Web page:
• The mass of salt or compound used, measured in (g) [ Part 2 of procedure ]

     

    Dependent 

    • The change in temperature of the newly obtained solution (∆T ), measured in (°C)

     

    Control

    • Mass of substance (salt or compound) used, measured in (g) [ Part 1 of procedure only ]
    • Initial temperature (room temperature), (23°C)
    • Volume of water, (75 mL)
    • Time taken before measuring the temperature change (2 minutes 30 seconds)

    Materials

    •  - The salts/compounds that will undergo testing (ammonium chloride, urea, sodium bicarbonate, potassium chloride and ammonium nitrate)

     

    •  Stop-Watch (±0.01 s)
    • Digital Balance (±0.01 g)
    • Beaker
    • Thermometer (±0.5°C)
    • Thermometer (±0.5°C)
    • Distilled Water
    • Calorimeter
    • Measuring Cylinder (100 mL)
    • Mixing Spoons

     

     

     

     

     

     

     

     

     

     

     

     

     

     

    Procedure

    The procedure is divided into two main parts -

     

    Part one - Finding out which salt/compound will produce the largest decrease in temperature

    • Measure 75 mL of distilled water and place it in the calorimeter
    • Measure initial temperature of water after waiting exactly 2 minutes and 30 seconds
    • Weigh out 15 grams of desired substance and place it in the calorimeter filled with water
    • Stir the mixture continuously for 2 minutes and 30 seconds before measuring final temperature
    • Calculate the change in temperature
    • Repeat all steps 4 times for each of the substances (4 trials each)

     

    Part two - Finding out the concentration to be used for the selected salt/compound

    • Measure 75 mL of distilled water and place it in the calorimeter
    • Measure initial temperature of water after waiting exactly 2 minutes and 30 seconds
    • Weigh out the desired mass (starting from 5 g and up to 25 g; going up each time by increments of 5 [5 g then 10 g then 15 g etc ...])
    • Calculate the change in temperature
    • Repeat all steps 3 times for the different masses desired
    • Calculate the concentration for each of the masses using the formulas: concentration  \(\frac{mol}{vol}\) and mol = \(\frac{mass}{motar mass}\)
  • Ifza Elahi
    Ifza Elahi

    15+ yrs of experience, 100% 7s, Global Expertise, Digital Pro,

    Video Course

  • Experimental setup

    Figure 2
    Chemical substance
    Effect
    Way of disposal
    Ammonium Chloride
    If burnt, can emit poisonous vapors
    Must be thoroughly diluted before disposing of it ( down the sink )
    Potassium Chloride
    If disposed of incorrectly, it might release irritating fumes
    Must be thoroughly diluted before disposing of it ( down the sink )
    Sodium Bicarbonate
    Is Eco-friendly and biodegradable
    After mixing it with water, pour down the sink normally
    Ammonium Nitrate
    Can release toxic gazes if used in explosives
    Avoid contact with fire and pour it down the sink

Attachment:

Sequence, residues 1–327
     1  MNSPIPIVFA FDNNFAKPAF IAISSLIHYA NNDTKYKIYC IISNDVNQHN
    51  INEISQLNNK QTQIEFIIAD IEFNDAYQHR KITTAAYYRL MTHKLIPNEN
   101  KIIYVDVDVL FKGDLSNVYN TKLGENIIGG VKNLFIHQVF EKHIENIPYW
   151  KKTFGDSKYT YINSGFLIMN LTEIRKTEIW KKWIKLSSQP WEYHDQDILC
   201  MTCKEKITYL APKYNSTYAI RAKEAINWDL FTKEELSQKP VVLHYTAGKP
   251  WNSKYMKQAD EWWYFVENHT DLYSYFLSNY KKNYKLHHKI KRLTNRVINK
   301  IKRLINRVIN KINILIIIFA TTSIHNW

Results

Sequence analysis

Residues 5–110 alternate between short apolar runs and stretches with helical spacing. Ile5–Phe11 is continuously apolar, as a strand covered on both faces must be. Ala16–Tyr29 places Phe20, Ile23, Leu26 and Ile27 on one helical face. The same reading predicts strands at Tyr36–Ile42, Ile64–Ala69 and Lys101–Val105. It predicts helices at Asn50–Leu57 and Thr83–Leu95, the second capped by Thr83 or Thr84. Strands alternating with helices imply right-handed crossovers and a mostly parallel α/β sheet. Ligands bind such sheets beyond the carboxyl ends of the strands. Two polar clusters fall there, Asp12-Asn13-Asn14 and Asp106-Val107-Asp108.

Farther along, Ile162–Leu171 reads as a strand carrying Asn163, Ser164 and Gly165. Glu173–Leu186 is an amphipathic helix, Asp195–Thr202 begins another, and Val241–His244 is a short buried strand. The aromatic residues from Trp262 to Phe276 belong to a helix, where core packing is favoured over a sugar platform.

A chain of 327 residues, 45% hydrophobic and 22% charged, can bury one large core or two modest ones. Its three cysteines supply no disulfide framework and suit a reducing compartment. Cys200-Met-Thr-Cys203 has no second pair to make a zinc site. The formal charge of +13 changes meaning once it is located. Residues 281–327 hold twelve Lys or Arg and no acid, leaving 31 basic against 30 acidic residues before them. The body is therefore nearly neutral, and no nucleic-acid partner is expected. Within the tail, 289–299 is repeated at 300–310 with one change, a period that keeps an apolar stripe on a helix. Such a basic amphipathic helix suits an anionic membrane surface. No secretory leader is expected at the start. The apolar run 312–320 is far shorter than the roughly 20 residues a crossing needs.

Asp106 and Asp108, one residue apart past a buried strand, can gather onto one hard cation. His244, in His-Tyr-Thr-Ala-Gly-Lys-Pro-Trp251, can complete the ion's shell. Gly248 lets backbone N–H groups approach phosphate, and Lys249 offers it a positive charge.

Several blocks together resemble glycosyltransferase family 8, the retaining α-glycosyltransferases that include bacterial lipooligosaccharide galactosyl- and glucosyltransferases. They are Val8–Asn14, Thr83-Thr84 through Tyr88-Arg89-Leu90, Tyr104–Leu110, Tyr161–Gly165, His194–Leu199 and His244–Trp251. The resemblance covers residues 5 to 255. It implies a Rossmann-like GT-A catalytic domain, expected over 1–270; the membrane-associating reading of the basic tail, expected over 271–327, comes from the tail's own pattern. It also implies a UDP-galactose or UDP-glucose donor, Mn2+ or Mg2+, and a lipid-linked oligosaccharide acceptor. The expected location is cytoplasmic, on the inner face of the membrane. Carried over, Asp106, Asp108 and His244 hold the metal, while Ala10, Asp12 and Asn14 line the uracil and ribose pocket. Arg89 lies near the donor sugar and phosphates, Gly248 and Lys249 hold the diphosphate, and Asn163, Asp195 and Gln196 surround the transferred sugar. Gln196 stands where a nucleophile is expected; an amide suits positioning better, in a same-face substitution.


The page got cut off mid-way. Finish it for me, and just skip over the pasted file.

Urea
    Eco-friendly, biodegradable, and harmless for plants
    After mixing it with water, pour down the sink normally
    Table of Environmental

    Ethical -

    This experiment has no ethical implications as there was no animal testing

  • Ifza Elahi
    Ifza Elahi

    15+ yrs of experience, 100% 7s, Global Expertise, Digital Pro,

    Video Course

  • Data and Findings

    part of the procedure

    Figure 3 - Table On The Change In Temperature °C For Each Salt/Compound Used

    Analysis -

    The results in table 1 showed that Sodium bicarbonate had the lowest change in temperature thus rendering it the least efficient to be utilized in cooling packs. Both ammonium nitrate and potassium chloride were very similar in average changes in temperature as they both had -5°C and -5.5°C respectively. The highest temperature drops corresponded to ammonium chloride and urea; ammonium chloride had an average of -9°C while urea had -9.5°C. This means that the salt “urea” will be tested for the second part of the experimental procedure as it has proven to be the most effective at a mass of 15g. The original hypothesis has thus been proven invalid as Urea induced a larger temperature decrease than Ammonium Nitrate. It can be deduced that both cost and availability are important factors in the incorporation of Ammonium Nitrate in most cold packs since it is cheaper than Urea and also more easily obtained.

  • Ifza Elahi
    Ifza Elahi

    15+ yrs of experience, 100% 7s, Global Expertise, Digital Pro,

    Video Course

  • part of the procedure

    Figure 4 - Table On Showing The Different Masses Of Urea Used

    Analysis -

    The results yielded in the second table showed that as the mass increased the temperature change also increased; meaning that a higher mass, and thus a higher concentration, will always achieve a higher temperature change. This is almost always true untill a specific concentration is reached and then the change in temperature starts to become minimal. It can thus be deduced that the saturation of the solution has approached its all time maximum which consequently means that the change in temperature will evolve at a much slower rate. This is shown here as the change in temperature went from -9°C to -14°C and then from -14°C to -16°C; the change in temperature keeps on becoming lower until the change is negligible / barely noticeable.